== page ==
LifeisXbox’s Slime’s Journey Review | I am a huge fan of these retro-inspired 2D sprite adventure games. Truth be told, this game was on my radar before the time of writing so getting an opportunity to write about it was a must for me. Slime’s Journey created and published by lightUp, is an old-school platformer game similar to the likes of Mario and Bubsy. This isn’t the first time we have had the pleasure of reviewing games from this developer. If you are interested in checking any of these reviews out you can check them out here.
ℹ️ | We finished Slime’s Journey on PC before providing this review. This game is only available on Steam.
What we liked!
- The Unlockable Abilities | Starting your adventure as a newly hatched slime is difficult. You have a small attack of shooting a small blue orb and bomb-throwing once you have collected them. You also have minimal health and the slightest knock can send you to your doom. That being said, it adds a nice learning curve to the adventure game and also forces you to explore your surroundings as exploring can yield upgradable treasures found by the witches’ potion stands. Additional health chunks, double jump upgrades, multi shots, strength but to name a few all play a huge role in making your slime tougher and harder to take down.
- The art style | Retro 2D sprites are a favourite of mine. The aesthetics of the game are very pleasing and it’s great to see the creator following the traditional genre tropes. The animations, the colours, the pixel depth, and the sounds all make a complete package. Taking damage has the character flash to indicate damage has been received, there are even animations from running through the grass and having the plants move. There is a lot of detail in this game and it’s really impressive.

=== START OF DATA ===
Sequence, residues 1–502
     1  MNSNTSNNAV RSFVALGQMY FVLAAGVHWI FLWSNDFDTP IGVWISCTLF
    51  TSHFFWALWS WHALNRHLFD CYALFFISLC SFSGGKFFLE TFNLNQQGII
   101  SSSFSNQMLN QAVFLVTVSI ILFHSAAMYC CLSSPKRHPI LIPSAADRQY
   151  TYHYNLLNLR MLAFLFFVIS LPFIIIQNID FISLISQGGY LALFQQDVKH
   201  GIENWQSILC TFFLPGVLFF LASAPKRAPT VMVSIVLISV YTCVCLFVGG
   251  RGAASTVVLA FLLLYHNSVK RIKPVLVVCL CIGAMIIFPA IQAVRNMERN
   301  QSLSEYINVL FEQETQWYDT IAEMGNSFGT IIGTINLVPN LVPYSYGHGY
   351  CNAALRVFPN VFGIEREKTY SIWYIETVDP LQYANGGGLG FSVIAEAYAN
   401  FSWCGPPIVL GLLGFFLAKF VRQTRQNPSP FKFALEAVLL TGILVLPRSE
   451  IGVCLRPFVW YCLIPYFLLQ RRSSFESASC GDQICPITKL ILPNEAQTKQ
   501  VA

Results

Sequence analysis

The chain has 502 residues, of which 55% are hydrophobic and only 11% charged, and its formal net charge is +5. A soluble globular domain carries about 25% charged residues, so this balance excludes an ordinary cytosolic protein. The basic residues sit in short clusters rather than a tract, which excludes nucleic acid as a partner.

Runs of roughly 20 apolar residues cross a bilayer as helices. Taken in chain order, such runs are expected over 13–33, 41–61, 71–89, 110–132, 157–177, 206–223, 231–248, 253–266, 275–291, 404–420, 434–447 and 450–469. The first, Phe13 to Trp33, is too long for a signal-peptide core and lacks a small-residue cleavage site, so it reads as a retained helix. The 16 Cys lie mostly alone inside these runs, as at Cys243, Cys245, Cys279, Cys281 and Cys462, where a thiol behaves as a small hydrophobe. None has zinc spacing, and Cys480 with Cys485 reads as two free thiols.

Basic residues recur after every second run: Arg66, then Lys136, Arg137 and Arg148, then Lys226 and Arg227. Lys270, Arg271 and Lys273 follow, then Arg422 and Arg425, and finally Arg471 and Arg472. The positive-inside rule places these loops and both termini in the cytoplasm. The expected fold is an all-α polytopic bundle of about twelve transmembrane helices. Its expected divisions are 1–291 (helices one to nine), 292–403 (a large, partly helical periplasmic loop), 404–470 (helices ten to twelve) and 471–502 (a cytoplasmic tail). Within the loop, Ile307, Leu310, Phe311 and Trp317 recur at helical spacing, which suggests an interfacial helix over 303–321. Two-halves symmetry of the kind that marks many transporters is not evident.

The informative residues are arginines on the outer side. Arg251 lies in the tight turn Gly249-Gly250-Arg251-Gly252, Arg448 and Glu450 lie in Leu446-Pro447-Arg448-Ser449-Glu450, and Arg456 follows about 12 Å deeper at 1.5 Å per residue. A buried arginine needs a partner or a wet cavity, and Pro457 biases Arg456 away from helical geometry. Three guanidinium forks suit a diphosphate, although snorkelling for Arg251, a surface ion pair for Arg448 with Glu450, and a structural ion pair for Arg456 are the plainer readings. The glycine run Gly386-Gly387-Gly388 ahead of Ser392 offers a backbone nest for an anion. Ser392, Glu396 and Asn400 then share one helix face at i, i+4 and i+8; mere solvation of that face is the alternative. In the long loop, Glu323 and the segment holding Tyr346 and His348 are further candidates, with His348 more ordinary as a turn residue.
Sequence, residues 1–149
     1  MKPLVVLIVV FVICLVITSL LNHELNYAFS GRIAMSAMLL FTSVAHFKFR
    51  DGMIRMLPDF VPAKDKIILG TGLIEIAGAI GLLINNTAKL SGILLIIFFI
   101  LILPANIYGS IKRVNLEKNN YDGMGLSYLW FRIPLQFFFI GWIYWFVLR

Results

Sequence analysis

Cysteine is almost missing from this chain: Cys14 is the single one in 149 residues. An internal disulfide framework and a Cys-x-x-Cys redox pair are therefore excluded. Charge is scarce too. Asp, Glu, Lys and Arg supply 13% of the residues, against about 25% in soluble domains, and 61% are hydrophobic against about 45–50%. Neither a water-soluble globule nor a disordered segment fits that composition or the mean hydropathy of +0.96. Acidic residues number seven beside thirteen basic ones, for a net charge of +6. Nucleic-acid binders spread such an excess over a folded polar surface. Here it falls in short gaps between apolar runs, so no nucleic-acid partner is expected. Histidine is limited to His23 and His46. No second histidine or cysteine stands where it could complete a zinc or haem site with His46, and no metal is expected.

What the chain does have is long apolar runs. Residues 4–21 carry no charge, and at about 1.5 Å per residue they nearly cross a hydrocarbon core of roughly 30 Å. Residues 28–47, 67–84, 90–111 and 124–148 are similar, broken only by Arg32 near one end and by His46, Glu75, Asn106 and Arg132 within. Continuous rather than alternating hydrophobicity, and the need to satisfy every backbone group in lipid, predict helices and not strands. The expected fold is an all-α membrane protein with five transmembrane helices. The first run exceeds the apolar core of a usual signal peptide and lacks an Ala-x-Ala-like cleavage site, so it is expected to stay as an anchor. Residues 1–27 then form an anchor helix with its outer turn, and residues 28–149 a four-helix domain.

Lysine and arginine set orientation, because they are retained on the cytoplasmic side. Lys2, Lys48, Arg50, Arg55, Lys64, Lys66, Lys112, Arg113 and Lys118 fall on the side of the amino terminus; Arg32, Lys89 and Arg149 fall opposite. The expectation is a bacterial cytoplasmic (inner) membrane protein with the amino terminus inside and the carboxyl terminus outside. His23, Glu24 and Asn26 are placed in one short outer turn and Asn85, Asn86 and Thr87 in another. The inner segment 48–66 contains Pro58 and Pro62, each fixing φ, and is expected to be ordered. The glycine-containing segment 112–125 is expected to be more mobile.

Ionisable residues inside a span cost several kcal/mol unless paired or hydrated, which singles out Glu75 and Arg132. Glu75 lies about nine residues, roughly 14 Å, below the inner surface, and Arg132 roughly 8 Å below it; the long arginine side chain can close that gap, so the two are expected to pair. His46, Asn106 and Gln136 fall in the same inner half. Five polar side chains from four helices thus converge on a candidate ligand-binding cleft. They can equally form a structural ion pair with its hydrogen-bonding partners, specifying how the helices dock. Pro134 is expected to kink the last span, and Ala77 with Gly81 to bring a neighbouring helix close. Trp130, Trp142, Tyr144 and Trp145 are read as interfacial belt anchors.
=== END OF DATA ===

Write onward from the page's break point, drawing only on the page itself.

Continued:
- The Music | The game features a nice chiptune soundtrack that is reminiscent of the games in the genre. It’s a nice fitting soundtrack that adds a lot to the game. Not to mention that the sound effects accompany it nicely also. Jumping gives this nice high-pitched boing that would be mistaken for part of the track. It’s all very fitting and serves its purpose nicely for this sort of genre.
- The Boss Battles | The boss battles are also very entertaining. You enter the area and you are greeted with epic chiptune boss music unique to each boss. The boss then proceeds to bounce around the map firing a hail of projectiles your way until defeated. It’s the classic platformer boss that we all know and loves from the likes of Mario, Sonic, and other games from this era. Defeating them gives you gems or a key to store until later use.
- The Currency System | The gems you acquire when defeating an enemy are used to purchase potions from the witches’ stalls. These are all related to health regeneration. This may not sound special, but there is always 1 potion that increases your max health and it’s worth seeking these out. Later on in the game, the enemy types get stronger and can launch projectiles back at you so it’s best to acquire these as much as you can. Gems can also be found in secret treasure chests throughout the map which contains anywhere between 15 and 30 gems at a time. Additional health costs 100 gems, so another reason I liked this is it encouraged you to explore the map which also increases your playtime.